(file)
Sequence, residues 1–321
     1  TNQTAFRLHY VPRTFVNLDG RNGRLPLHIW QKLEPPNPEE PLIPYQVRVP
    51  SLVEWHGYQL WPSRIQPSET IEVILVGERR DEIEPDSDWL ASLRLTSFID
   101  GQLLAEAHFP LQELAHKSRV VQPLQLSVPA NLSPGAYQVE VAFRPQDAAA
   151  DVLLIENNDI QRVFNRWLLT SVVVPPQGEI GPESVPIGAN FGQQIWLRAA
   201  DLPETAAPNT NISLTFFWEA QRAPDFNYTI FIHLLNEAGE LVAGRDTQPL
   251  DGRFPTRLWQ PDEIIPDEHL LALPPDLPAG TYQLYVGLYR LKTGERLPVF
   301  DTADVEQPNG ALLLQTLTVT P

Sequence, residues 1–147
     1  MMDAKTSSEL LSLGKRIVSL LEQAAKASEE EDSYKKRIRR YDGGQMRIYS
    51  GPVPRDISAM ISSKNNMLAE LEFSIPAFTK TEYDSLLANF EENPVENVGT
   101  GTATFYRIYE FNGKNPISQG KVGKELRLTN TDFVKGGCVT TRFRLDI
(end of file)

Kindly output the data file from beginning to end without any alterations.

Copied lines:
Sequence, residues 1–321
     1  TNQTAFRLHY VPRTFVNLDG RNGRLPLHIW QKLEPPNPEE PLIPYQVRVP
    51  SLVEWHGYQL WPSRIQPSET IEVILVGERR DEIEPDSDWL ASLRLTSFID
   101  GQLLAEAHFP LQELAHKSRV VQPLQLSVPA NLSPGAYQVE VAFRPQDAAA
   151  DVLLIENNDI QRVFNRWLLT SVVVPPQGEI GPESVPIGAN FGQQIWLRAA
   201  DLPETAAPNT NISLTFFWEA QRAPDFNYTI FIHLLNEAGE LVAGRDTQPL
   251  DGRFPTRLWQ PDEIIPDEHL LALPPDLPAG TYQLYVGLYR LKTGERLPVF
   301  DTADVEQPNG ALLLQTLTVT P

Sequence, residues 1–147
     1  MMDAKTSSEL LSLGKRIVSL LEQAAKASEE EDSYKKRIRR YDGGQMRIYS
    51  GPVPRDISAM ISSKNNMLAE LEFSIPAFTK TEYDSLLANF EENPVENVGT
   101  GTATFYRIYE FNGKNPISQG KVGKELRLTN TDFVKGGCVT TRFRLDI